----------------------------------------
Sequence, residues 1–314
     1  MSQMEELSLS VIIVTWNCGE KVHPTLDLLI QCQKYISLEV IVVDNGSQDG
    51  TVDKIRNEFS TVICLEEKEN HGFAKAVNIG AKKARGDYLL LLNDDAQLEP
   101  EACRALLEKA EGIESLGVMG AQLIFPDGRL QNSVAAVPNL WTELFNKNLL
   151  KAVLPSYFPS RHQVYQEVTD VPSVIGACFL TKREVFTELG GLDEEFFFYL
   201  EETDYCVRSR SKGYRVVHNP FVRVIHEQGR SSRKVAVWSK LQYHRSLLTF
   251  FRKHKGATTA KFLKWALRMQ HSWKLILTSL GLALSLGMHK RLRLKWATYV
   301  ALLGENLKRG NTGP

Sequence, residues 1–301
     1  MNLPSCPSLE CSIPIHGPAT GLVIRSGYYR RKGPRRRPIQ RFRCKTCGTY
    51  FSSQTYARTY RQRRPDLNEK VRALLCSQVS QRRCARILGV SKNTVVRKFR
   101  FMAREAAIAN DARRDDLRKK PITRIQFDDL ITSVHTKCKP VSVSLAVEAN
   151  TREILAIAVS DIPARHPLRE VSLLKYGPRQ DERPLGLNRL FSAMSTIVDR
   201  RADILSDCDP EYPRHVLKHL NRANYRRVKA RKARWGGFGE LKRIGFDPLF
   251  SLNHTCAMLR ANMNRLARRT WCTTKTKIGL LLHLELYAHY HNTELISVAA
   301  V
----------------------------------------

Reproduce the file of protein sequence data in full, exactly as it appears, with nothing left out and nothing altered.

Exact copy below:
Sequence, residues 1–314
     1  MSQMEELSLS VIIVTWNCGE KVHPTLDLLI QCQKYISLEV IVVDNGSQDG
    51  TVDKIRNEFS TVICLEEKEN HGFAKAVNIG AKKARGDYLL LLNDDAQLEP
   101  EACRALLEKA EGIESLGVMG AQLIFPDGRL QNSVAAVPNL WTELFNKNLL
   151  KAVLPSYFPS RHQVYQEVTD VPSVIGACFL TKREVFTELG GLDEEFFFYL
   201  EETDYCVRSR SKGYRVVHNP FVRVIHEQGR SSRKVAVWSK LQYHRSLLTF
   251  FRKHKGATTA KFLKWALRMQ HSWKLILTSL GLALSLGMHK RLRLKWATYV
   301  ALLGENLKRG NTGP

Sequence, residues 1–301
     1  MNLPSCPSLE CSIPIHGPAT GLVIRSGYYR RKGPRRRPIQ RFRCKTCGTY
    51  FSSQTYARTY RQRRPDLNEK VRALLCSQVS QRRCARILGV SKNTVVRKFR
   101  FMAREAAIAN DARRDDLRKK PITRIQFDDL ITSVHTKCKP VSVSLAVEAN
   151  TREILAIAVS DIPARHPLRE VSLLKYGPRQ DERPLGLNRL FSAMSTIVDR
   201  RADILSDCDP EYPRHVLKHL NRANYRRVKA RKARWGGFGE LKRIGFDPLF
   251  SLNHTCAMLR ANMNRLARRT WCTTKTKIGL LLHLELYAHY HNTELISVAA
   301  V